Wednesday, July 11, 2012

State of the Company

When a government puts the rights, well-being and prosperity of the individual (not the generic 'people' they are so happy to crow about) below the finances of the state, the country becomes just another company.  I'm not naive enough to think states have not been in this role for a long time, but I get the feeling they'll become 'companies' in name too very soon.  We won't even have the idea of state to cling to.

Trial by Trocadero

I was at a family dinner last Saturday.  Food was only okay, and it took practically an hour after starters for the main course to arrive, but the coup de grace I only became aware of later.  My brother ordered some fish.  Kindly the kitchen had put an extra maggot on the side of his plate.  To be fair, it was trying to wriggle off, but it really spoils my impression of the place.  Very, very disappointing.


Thursday, June 28, 2012

Anglo-Irish Treaty 1921 eBook

I recently had a hand in creating the 'Anglo-Irish Treaty 1921' ebook, a collection of correspondence by the participants in the Treaty negotiations that ultimately led to Ireland's civil war.  Reading it I was bowled over by the size of the task the negotiators had (the British threw everything at them), the personalities involved and the tragedy of the whole enterprise.  The characters who really jump off the page for me are Griffith, Childers and Lloyd George.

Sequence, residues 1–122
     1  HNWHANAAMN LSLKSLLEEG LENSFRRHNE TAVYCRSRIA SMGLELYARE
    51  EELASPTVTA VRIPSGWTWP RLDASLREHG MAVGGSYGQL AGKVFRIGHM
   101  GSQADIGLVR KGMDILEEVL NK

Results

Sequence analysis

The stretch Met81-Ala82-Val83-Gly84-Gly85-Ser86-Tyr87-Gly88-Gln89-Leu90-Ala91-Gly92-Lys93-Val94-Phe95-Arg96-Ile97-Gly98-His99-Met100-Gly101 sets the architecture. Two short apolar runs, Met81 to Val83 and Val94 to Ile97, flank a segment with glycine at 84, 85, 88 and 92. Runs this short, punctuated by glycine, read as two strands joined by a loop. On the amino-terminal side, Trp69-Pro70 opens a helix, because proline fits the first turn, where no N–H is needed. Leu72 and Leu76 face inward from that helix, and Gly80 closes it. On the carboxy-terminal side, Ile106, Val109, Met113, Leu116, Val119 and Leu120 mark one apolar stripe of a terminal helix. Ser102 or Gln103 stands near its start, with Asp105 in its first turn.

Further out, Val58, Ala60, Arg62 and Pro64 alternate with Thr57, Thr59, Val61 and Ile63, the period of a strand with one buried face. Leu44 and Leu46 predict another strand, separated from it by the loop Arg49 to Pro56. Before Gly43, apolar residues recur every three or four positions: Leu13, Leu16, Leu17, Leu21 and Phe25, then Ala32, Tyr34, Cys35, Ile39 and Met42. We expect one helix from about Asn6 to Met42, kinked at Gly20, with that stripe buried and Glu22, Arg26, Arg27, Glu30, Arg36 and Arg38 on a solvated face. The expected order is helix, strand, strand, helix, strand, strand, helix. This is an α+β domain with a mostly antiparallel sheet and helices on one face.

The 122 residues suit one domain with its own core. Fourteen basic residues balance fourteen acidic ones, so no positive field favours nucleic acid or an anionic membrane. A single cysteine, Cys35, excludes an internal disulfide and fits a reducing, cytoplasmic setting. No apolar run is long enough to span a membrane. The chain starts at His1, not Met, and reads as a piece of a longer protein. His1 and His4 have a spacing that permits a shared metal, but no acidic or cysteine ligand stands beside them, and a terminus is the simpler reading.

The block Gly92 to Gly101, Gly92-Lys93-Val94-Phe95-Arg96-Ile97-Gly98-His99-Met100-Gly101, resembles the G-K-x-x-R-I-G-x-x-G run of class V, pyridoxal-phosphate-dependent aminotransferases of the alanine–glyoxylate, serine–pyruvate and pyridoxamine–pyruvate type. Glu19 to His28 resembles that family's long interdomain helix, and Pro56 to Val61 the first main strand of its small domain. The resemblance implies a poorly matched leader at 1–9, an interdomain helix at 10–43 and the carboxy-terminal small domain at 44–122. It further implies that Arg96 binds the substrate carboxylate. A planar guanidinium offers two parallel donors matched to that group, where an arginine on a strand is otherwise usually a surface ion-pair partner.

It is clear Lloyd George and Griffith have tremendous respect for each other, but it's also clear that that is something that might compromise negotiations.  Griffith was certainly aware of this danger, but whether it ultimately did have this effect is difficult to say.  Lloyd George had a difficult game to play with his compatriots one way or the other.
Erskine Childers constantly amazes me.  His detailed memos on defence treaties and the ramifications of failing to properly provide for Ireland's security are detailed to the point of mesmerism.  How he could bring all of this together given the limited communications at his disposal is a miracle.  His keen acumen is clear and his vision of the future far-sighted (understandably though, coming just after the First World War, the only possible superpower he can see threatening the stability of Europe is America).   In contrast, his final account of the cabinet meeting that debated the finished treaty is necessarily ambiguous (they are just blunt jottings) and heart-breaking.